Parents and children who fail. The apostle’s selections of Scripture in Romans 9:7 (cf. Genesis 21:12) and Romans 9:9 (cf. Genesis 18:10, Genesis 18:14) are very impressive. In the former one, the Lord was promising the one through whom the Christ would come, and Sarah was disbelieving. In the latter quote, it is Sarah who is defending the integrity of the covenant line through whom Christ would come, and Abraham has to be rebuked/instructed by God to heed her good counsel. In both places, there is a parent who has the promises of Christ for us and for our children, but who is failing to make proper application of it. This is what fails when covenant children perish, as so many Jews were doing in Paul’s day: not the promise, but our believing and responding to the promise.

The God Who remains true. Despite Abraham’s weakness and Sarah’s weakness, God’s promise remained true. He brought them to repentance. He brought their sons to faith—not just Isaac but also Ishmael. When we are failing as parents (as we often/constantly do), our cry to God must be that He would give us repentance and faithfulness, and that He Who is perfectly faithful would yet bring our children to faith. Isaac was not saved by being the one through whom the Seed (and seed) were called. He was saved by believing in the Seed that would come through him. Abraham, Sarah, Isaac, and Ishmael were all saved only by believing in the promised one. For children of the flesh (Romans 9:8a) to become children of God (verse 8c) by being children of the promise (verse 8b), they must believe in the promised one.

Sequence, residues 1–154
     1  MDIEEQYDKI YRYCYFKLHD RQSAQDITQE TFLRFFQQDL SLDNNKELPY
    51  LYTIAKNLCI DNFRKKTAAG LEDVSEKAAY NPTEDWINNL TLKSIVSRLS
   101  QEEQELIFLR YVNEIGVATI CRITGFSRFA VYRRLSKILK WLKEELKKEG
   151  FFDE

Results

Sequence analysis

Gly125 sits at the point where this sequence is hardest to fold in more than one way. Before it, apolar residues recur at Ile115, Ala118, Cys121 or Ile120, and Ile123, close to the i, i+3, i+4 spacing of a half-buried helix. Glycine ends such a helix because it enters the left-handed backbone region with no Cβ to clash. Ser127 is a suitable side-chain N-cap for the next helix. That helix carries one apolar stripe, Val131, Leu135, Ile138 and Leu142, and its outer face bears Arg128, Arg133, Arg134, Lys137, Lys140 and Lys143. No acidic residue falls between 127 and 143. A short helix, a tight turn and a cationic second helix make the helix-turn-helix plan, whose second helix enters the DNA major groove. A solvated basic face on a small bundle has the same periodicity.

So covenant parents must not do as so many Jews did (assume that they were being saved by being Jews and being presumptuous about themselves and their children). Believing the promises doesn’t mean presumptuously ignoring the means appointed by the faithful Word, but rather diligently using them. Believing the promises doesn’t mean neglecting to call covenant children to believe in the promised One, but constantly employing the Word of promise to plead with them to believe in Him. Never has the Word been thus employed and failed.